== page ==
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§ 244. “But a Proposed Law Shall Not be Taken.”

This part of the section embraces a compromise, with reference to the originating power, which was recommended by the Legislative Assembly of Tasmania. The Tasmanian amendment, drafted by the Hon. Inglis Clark, Attorney-General of that colony (now Mr. Justice Clark), was founded on the practice recognized by the House of Commons, and thus explained by May:—

“The claim to exclusive legislation over charges imposed upon the people was formerly extended by the Commons to the imposition of fees and pecuniary penalties, and to provisions which touched the mode of suing for fees and penalties, and to their application when recovered; and they denied to the Lords the power of dealing with these matters. The rigid enforcement of this claim proved inconvenient; and in 1849, the Commons adopted a standing order, based on a resolution passed in 1831, which gave the Lords power to deal, by bill or amendment, with pecuniary penalties, forfeitures, or fees, when the object of their legislation was to secure the execution of an Act; provided that the fees were not payable into the exchequer, or in aid of the public revenue; and when the bill shall be a private bill for a local or personal act. And the Commons also agreed to another standing order, whereby they surrendered their privileges so far as they affected private and provisional order bills sent down from the House of Lords, which refer to tolls and charges for services performed, not being in the nature of a tax, or which refer to rates assessed and levied by local authorities for local purposes. The practical result of these standing orders is a waiver by the Commons of their privileges with respect to pecuniary penalties in public and in private bills. Fees imposed in a public bill can only be dealt with by the Lords provided they are not paid into the exchequer; whilst it is competent for the Lords by a private bill to impose fees and tolls for rendered services, and to authorize the levy of rates to be assessed and levied by local authorities for local purposes.” (May's Parl. Prac. 10th ed., p. 547.)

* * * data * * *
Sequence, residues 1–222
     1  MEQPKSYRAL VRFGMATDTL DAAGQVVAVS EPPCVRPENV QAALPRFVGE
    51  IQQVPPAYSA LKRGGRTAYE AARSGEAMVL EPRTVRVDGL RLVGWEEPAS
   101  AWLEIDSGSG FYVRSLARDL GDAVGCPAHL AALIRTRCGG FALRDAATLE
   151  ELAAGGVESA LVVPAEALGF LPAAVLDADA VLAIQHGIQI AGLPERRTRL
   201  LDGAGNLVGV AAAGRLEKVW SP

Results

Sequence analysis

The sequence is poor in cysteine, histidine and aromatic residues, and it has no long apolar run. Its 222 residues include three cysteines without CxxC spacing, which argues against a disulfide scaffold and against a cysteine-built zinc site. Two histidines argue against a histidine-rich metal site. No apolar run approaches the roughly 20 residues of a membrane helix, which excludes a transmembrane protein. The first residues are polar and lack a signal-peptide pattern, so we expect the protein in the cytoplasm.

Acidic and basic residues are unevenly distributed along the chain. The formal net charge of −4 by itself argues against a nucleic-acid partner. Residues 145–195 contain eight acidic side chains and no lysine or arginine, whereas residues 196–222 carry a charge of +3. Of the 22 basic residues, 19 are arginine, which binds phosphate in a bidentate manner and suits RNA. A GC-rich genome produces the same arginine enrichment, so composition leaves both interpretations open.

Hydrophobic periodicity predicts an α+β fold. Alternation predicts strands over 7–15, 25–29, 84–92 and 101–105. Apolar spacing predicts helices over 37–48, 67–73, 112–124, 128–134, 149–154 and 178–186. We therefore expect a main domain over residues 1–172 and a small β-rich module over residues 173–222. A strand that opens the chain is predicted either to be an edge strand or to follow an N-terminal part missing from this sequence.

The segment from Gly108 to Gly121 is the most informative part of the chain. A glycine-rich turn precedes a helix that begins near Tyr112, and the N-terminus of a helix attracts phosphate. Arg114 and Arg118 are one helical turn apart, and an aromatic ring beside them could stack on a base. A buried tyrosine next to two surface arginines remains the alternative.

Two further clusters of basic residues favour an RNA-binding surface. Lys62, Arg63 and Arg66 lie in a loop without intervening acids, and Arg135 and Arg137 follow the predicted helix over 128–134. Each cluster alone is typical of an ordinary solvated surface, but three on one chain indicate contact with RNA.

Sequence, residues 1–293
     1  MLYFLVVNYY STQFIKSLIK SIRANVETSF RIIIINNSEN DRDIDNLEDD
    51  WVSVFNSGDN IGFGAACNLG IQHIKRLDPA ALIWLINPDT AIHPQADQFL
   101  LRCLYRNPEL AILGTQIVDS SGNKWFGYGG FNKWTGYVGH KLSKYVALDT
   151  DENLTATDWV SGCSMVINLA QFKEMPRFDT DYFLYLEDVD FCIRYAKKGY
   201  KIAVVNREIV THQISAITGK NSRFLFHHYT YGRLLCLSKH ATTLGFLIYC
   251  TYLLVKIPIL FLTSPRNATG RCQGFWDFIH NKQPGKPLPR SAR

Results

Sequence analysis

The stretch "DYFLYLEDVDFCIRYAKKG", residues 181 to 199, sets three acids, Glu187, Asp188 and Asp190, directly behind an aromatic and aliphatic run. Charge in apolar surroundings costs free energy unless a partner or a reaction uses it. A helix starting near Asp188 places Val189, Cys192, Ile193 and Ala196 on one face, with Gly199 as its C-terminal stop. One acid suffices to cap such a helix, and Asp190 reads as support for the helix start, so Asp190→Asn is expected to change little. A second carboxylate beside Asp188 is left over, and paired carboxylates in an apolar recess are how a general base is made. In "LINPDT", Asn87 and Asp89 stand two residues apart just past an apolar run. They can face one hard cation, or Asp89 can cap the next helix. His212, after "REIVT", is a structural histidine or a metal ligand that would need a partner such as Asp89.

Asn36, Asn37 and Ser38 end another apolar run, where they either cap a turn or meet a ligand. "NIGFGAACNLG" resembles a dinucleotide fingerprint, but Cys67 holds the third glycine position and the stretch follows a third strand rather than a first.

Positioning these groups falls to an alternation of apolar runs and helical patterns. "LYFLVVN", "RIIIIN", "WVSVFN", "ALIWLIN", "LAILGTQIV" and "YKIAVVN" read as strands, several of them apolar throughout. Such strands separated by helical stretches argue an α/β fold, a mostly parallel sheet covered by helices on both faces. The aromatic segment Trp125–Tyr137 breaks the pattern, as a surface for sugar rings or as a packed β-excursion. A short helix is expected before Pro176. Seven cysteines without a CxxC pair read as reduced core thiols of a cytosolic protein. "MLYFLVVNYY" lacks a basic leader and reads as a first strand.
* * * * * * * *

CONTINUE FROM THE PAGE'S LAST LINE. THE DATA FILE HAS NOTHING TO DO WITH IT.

“I am quite prepared to go in the direction indicated by the amendment of Mr. Inglis Clark, which not only makes things a good deal more definite, but is a step beyond the Bill of 1891, by way of making the legislative machinery work more smoothly, and securing to the Senate that degree of individuality in matters of this kind, of which it would be a scandal to deprive them through some matter of construction.” (Mr. E. Barton, Conv. Deb., Syd., 1897, p. 474.)

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